Charlie: We’ve talked about landscape before, but I wonder if there’s more there to dig into. You and I always come back to the question of place. Surely, it’s not just topography. Now, as we embark on Without Them I am Lost, I find us coming back to a northern landscape and its native stories. We’ve envisioned this new project as a feature length documentary seeking to document the oral histories of World War II in the far north, but it will also be a way to explore storytelling, itself, as an act of survival. I’m also thinking of the project as a means to understand how a certain landscape might determine the stories we capture and the manner in which they are told.
The global pandemic has kept us all in place, more or less, since March. That’s eight months and counting. I’ve been trying to dig more deeply into my own place this past spring and summer, the first I’ve spent fully in Spokane since arriving here seven years ago. What held my attention first was the succession of weeds. Dandelion. Clover. Arrow leaf balsamroot. Bird vetch. Lupine. I found it telling that you wrote about a similar impulse in your essay, “Weeds”, in The Canyon Country Zephyr. These 8 months have been a slow process of naturalization, one walk at a time, to a place I thought I knew. What I’m curious about is how a landscape, and all that it contains, might shape the local character and its stories to reveal an influential terroir, so to speak.
John Berger speaks of this, what he describes as “address,” in his essay “A Story for Aesop” in Keeping a Rendezvous:
Many different things can fill the foreground with meaning: personal memories; practical worries about survival—the fate of a crop, the state of a water supply; the hopes, fears, prides, hatreds, engendered by property rights; the traces of recent events and crimes (in the countryside all over the world crime is one of the favourite subjects of conversation). All these, however, occur against a common constant background which I call the landscape’s address, consisting of the way a landscape’s ‘character’ determines the imagination of those born there…
The scale and the address do not change with mood. Every life remains open to its own accidents and its own purpose. I am suggesting, however, that geography, apart from its obvious effects on the biological, may exercise a cultural influence on how people envisage nature. This influence is a visual one, and since until very recently nature constituted the largest part of what men saw, one can further propose that a certain geography encourages a certain relation to the visible.
How do you see the address in the far north? How have you come to know it? How might we lean into that as a conceptual matrix for the film?
Damon: The north is a place—a landscape, an address—a person cannot be neutral about. In this way, it is like the desert. The weather and landscapes are too severe to be outside of them. It is part of our reflections and questions in the North: Do you think we will have Spring this year? This year was the longest winter for snow, but not the worse winter for snow. How many days of sun have we had this summer? We can go on from there. Sunlight or the lack of it is present to all of us. We notice when the sun leaves and talk about when the sun will return. We celebrate sunny days. Then we go inside when the sun vanishes. There are physical and emotional consequences to living in a place where the sun is below the horizon for weeks at a time. I recall a section in Vincent Hunt’s book Fire and Ice: The Nazis’ Scorched Earth Campaign in Norway, when he quotes the Norwegian historian Einar Richter Hansen about how the German soldiers suffered from “melancholy” while in the far north. Hansen writes of the German troops:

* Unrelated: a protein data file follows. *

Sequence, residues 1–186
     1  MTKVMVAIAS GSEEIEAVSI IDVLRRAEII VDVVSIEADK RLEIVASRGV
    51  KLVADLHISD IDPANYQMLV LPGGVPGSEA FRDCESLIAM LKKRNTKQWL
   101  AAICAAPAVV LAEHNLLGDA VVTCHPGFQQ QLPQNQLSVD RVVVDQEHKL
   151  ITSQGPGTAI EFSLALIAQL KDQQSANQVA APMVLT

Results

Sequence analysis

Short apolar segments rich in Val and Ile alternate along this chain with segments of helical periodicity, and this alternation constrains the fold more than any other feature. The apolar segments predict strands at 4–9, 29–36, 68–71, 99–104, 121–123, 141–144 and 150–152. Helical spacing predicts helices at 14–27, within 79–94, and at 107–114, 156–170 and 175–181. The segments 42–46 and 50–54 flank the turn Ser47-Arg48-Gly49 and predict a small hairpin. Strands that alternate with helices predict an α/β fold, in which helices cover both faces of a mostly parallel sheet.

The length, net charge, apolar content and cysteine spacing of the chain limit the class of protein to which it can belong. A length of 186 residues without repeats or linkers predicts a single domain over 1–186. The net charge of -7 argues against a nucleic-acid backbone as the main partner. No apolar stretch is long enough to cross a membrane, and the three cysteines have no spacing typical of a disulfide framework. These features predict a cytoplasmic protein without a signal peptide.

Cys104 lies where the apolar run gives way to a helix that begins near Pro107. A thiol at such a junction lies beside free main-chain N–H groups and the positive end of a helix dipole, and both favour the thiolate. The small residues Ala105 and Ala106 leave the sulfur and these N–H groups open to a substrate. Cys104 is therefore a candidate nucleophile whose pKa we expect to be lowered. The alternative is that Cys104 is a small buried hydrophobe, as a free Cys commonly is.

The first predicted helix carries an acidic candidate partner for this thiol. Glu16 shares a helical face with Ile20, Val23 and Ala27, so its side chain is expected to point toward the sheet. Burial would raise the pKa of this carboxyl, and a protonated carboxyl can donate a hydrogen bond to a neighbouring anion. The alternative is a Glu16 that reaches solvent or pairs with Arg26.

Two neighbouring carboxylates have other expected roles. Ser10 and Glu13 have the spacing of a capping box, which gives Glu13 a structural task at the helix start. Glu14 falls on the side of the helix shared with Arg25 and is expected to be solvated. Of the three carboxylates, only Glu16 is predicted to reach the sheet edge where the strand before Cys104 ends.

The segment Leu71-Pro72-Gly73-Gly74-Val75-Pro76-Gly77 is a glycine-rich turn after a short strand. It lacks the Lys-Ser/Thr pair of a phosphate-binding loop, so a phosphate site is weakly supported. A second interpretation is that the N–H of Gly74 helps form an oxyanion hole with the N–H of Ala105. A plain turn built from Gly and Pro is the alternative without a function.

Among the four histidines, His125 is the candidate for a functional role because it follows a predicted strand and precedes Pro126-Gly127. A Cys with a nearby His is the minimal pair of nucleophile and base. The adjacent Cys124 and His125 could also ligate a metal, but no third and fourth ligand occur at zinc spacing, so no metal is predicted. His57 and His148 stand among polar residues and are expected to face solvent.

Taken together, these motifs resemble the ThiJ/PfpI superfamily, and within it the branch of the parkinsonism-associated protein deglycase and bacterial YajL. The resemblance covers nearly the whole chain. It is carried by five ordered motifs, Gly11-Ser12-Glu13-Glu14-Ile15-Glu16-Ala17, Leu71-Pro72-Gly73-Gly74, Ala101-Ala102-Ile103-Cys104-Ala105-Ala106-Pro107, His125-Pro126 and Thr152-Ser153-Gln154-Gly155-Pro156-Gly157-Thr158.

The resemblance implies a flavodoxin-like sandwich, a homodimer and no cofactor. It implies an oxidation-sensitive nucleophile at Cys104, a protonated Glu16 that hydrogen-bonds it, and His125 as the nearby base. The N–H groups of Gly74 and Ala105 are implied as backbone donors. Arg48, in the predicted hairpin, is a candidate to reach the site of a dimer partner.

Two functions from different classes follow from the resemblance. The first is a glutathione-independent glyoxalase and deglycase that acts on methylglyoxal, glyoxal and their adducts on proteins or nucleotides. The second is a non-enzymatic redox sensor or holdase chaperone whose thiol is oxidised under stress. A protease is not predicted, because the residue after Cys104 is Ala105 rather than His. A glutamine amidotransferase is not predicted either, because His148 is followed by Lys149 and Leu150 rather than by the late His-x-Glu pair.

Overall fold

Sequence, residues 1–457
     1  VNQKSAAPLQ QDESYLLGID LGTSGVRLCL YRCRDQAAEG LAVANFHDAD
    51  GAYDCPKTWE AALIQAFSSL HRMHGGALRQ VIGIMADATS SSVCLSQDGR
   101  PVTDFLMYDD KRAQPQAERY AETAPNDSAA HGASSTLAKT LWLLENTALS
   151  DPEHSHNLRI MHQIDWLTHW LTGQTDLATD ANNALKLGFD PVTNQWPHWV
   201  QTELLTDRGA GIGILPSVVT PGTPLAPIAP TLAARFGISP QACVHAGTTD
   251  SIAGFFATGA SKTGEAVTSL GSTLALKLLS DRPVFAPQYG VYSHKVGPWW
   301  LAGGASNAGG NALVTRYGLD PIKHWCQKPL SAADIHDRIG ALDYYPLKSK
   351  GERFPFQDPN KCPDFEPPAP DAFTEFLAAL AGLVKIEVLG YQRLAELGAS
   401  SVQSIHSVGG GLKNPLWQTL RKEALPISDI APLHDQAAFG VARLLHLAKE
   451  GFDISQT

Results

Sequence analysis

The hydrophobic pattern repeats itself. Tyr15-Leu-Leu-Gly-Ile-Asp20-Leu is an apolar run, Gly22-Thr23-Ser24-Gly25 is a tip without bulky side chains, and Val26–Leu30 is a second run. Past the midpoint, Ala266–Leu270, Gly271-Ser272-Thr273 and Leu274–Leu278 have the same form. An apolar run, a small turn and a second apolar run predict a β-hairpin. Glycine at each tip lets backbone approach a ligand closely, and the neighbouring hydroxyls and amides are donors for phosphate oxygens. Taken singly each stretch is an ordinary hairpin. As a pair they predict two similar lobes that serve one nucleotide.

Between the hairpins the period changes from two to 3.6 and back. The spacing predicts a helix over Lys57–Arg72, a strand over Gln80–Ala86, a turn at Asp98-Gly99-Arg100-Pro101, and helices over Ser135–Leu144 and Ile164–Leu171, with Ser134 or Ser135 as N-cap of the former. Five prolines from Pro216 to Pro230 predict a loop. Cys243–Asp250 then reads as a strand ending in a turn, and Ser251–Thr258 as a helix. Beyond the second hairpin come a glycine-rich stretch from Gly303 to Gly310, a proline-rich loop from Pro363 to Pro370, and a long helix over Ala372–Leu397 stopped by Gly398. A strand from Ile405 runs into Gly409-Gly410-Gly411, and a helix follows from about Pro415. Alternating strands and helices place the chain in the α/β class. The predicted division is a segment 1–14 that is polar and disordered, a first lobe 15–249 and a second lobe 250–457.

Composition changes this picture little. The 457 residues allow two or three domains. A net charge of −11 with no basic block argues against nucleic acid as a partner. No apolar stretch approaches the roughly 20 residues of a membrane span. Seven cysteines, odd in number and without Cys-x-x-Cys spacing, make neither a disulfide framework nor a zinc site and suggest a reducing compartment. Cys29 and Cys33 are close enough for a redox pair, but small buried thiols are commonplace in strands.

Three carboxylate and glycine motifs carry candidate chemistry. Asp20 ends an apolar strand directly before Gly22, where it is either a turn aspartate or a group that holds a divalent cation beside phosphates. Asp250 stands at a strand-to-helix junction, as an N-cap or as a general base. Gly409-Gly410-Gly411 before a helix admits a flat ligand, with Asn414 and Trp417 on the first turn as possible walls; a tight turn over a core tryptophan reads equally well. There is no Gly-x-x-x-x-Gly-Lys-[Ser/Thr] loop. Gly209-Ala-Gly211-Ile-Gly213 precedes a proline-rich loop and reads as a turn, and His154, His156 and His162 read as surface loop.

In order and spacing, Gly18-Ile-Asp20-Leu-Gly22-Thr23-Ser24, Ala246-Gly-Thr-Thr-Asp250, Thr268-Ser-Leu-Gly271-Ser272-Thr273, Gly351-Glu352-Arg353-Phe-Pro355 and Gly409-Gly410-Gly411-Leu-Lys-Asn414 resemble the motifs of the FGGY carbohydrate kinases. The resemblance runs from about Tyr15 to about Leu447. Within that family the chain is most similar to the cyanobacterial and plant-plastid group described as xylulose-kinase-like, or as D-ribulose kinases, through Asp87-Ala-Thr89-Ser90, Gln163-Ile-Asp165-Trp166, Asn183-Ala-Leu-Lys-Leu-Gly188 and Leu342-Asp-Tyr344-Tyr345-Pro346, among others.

Many suffered from the so-called Arctic melancholy (the Germans called it being mountain sick: bergkrank) and the number of suicides increased from 1943. This was mostly due to the long distance away from home and the problem of getting leave. The dark long polar nights were also hard to bear.
It is true about suicides, not just for German soldiers in 1944, but with what happens today. Darkness is part of the address, and people react differently to it. Some people look forward to the dark time, to mørketid. They look forward to lighting their candles and wood stoves and the anticipation of feeling safe inside their homes. Finding comfort inside while the dark and snow rage is part of koselig. Of course, there are others who dread, maybe even fear the dark time. A woman who lives up the road from me, Jorunn Torbjørg Øynes, who was a young teenager during the war, recalls one of the most difficult parts of day-to-day living during the war was blacking out the windows of her home. The dark for her was and is something to be a little afraid of. Though, curiously, a fear of the dark is not uncommon here. I asked Jorunn’s daughter, Irene Øynes, about this. I asked her, “Why are so many people afraid of the dark here?” Irene said something I keep turning over in my mind. She said, “I think it has something to do with the nature.” She paused. Then she said, “Yes. It has to do with the nature.” She motioned with her hand to indicate the forest behind and the sea in front of her mother’s house. You will not be surprised to know that Norway has a rich folktale tradition. Not everything that lives in our woods and mountains are friendly to wandering humans. In such tales, you can hear echoes of Berger’s address, “the way a landscape’s ‘character’ determines the imagination of those born there.”